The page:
“Asking for a friend,” Florida Senator Marco Rubio (R) posed a question on Twitter, asking why media outlets were not reporting on the amount votes Democratic senators running for president in 2020 have missed since deciding to run for the presidency.
“Is the absence of incessant reporting about how many votes the Democratic senators running for president are missing just an unintentional oversight or evidence of a double standard,” asked Rubio.
Is the absence of incessant reporting about how many votes the Democratic senators running for president are missing just an unintentional oversight or evidence of a double standard?
Asking for a friend.
— Marco Rubio (@marcorubio) November 13, 2019
There has been some reporting by The Hill and a few other outlets outlining the amount of votes 2020 Senate and Congressional presidential hopefuls have missed, but that’s the reporting we could find.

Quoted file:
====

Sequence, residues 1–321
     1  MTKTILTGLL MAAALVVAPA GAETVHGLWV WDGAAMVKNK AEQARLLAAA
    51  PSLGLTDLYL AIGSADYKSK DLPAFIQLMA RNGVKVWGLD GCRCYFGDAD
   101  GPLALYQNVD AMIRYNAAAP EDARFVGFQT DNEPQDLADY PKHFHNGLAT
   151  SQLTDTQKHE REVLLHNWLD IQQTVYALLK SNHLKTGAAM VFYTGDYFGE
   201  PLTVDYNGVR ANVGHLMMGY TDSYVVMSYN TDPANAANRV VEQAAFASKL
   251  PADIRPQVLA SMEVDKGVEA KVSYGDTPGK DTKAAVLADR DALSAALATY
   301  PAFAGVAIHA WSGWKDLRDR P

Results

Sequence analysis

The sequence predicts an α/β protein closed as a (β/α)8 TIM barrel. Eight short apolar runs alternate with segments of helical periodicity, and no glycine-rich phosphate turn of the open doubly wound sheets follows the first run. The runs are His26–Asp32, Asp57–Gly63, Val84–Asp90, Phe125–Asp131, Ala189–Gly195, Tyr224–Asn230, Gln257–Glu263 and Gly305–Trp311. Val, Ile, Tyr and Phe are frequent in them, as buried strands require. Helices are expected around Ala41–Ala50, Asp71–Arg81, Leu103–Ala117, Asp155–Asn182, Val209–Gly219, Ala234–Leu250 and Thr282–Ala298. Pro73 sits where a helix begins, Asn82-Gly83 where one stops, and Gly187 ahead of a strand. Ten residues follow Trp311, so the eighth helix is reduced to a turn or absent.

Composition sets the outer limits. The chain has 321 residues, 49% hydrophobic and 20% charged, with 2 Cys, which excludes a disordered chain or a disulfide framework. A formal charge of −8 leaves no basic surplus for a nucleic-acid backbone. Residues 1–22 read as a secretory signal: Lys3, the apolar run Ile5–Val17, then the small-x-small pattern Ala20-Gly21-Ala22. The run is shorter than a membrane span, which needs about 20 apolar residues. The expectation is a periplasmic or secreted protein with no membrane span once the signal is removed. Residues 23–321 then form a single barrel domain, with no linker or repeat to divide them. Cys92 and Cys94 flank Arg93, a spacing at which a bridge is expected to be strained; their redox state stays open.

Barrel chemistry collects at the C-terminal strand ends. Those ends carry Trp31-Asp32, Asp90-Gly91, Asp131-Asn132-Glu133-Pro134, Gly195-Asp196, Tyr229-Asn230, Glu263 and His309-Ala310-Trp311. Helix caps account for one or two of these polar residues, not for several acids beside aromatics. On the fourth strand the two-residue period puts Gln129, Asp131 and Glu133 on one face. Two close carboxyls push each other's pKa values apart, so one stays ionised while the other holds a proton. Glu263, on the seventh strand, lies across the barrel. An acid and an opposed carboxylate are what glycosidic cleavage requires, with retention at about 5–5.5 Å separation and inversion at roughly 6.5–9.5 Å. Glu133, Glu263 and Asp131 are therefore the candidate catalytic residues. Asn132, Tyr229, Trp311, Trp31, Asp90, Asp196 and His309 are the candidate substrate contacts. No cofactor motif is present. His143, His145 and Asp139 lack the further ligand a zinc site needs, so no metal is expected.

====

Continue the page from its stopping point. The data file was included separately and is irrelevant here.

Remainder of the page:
According to The Hill, which cites ProPublica as their source, “three Democratic 2020 presidential candidates” failed to show up and cast their vote on half of the Senate votes since January of this year.
Sens. Cory Booker, Kamala Harris, and Bernie Sanders all had missed around 50 percent of votes. Sens. Elizabeth Warren and Amy Klobuchar had missed more than a quarter of the votes taken.
The story was written and posted on October 10, 2019, so it does not reflect any senate votes missed since then.
But according to govtrack.gov, as of November 13, 2019, Sens. Booker, Harris, and Sanders, have all missed 60 percent of their votes, while Sen. Warren has missed 48 percent of her votes.
Here is a graphic that puts the missed votes into better perspective:
We need to point out that when Rubio ran for president in 2015, he only missed 35 percent of his votes. The 2020 Senate Democrats have the remainder of this month, December, and January to miss more votes so that 60 percent mark will be easily eclipsed.